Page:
The realization that Steven Levitt is a Harvard educated economist and not in any way a climate scientist is obvious by his above statements. Many flaws exist in his thinking that must be addressed:

  1. The consideration, both financially and environmentally, of the future MUST be considered especially in a problem such as global climate change. When concerning yourself with a problem that is entirely focused on preventing future damage upon many aspects of our current society, having someone who focuses on immediate financial patterns and disregards far-reaching and longer lasting benefits should not have too much of a place in this area of this discussion.
  2. Hoping that technology develops in the future in order to solve a current problem is simply an ineffective and absurd way to think about solutions to a problem. Either you have deep-rooted irrational objections to the current proceedings and hope to stymie current progress on the given subject, or you’re just a capitalistic optimist.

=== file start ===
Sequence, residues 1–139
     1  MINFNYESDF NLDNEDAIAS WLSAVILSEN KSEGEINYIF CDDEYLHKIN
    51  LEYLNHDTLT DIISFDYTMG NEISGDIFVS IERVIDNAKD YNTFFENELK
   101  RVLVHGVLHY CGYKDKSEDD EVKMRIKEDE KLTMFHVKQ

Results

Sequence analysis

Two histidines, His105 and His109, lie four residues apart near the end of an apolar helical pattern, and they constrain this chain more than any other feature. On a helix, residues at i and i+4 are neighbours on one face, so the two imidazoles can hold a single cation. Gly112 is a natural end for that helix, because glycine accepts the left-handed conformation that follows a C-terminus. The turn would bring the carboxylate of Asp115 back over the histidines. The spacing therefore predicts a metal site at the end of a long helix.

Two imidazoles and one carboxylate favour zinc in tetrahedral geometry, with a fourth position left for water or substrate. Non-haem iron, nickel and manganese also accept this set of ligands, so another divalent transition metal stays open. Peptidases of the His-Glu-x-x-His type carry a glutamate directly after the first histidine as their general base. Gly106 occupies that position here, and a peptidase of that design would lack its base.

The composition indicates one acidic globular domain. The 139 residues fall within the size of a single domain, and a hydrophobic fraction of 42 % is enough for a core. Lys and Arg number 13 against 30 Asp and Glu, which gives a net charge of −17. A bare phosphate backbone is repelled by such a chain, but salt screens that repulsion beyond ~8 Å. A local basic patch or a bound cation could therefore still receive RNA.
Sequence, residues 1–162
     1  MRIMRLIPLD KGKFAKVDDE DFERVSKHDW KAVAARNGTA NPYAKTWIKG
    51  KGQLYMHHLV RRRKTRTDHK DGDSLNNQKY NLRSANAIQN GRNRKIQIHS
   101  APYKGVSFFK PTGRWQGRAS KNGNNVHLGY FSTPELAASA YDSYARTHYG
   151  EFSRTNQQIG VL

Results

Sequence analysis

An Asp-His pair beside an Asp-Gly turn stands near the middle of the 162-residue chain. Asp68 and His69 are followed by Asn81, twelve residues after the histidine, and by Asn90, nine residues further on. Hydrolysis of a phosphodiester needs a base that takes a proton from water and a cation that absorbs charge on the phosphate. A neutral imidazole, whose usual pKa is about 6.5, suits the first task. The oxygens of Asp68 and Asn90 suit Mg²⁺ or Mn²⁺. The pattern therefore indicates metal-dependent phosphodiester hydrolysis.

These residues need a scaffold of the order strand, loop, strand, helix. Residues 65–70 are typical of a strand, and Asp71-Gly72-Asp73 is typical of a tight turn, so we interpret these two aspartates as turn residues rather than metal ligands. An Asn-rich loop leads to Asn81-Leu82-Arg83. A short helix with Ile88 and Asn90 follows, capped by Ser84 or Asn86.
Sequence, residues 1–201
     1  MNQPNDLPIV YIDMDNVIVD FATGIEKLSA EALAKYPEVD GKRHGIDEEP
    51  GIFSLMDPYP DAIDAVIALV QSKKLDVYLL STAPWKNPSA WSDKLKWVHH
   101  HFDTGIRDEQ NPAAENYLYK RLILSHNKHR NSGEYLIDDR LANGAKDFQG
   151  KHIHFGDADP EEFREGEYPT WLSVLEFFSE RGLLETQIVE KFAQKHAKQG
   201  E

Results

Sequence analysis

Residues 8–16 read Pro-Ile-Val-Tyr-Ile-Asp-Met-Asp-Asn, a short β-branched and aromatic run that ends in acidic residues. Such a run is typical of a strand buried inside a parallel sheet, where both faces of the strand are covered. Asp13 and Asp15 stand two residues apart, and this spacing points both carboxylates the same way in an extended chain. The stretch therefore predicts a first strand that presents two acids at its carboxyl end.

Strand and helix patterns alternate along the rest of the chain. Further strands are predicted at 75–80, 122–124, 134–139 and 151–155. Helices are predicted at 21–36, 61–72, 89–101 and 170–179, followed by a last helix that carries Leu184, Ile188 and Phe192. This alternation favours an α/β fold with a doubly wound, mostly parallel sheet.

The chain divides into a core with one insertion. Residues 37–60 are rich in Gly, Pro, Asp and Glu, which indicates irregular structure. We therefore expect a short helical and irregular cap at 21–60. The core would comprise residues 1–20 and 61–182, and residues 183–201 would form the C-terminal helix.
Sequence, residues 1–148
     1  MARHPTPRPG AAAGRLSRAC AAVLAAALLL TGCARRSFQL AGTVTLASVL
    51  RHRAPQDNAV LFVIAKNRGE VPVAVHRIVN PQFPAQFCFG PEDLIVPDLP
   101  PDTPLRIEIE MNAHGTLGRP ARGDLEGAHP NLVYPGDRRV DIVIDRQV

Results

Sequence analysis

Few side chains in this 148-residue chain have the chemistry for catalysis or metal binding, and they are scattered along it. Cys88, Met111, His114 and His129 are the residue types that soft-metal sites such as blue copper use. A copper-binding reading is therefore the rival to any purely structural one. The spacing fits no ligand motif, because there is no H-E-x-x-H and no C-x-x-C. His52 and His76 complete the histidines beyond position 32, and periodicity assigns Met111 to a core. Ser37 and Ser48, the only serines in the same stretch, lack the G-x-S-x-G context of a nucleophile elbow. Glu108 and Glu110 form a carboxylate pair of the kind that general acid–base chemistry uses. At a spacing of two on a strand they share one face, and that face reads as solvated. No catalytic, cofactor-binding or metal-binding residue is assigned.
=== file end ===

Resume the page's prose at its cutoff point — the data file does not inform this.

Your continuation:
3. Sulfur dioxide produces acid rain. Currently in the United States, we have a cap-and-trade (gasp!) system in place that has successfully reduced the national emission rate of sulfur dioxide gas. Why would such a system or thought pattern be in place if not for protection of the American citizens? What Levitt fails to notice is that sulfur dioxide, a cause of acid rain, has been shown to have adverse impacts on forests, fresh waters and soils, killing insect and aquatic life-forms as well as causing damage to buildings and having impacts on human health. Yet, we should instead be injecting this toxic gas artificially into our atmospheres in order to temporarily cover up for continued selfish and anthropogenic patterns of over-consumption and decades of energy waste? I think not.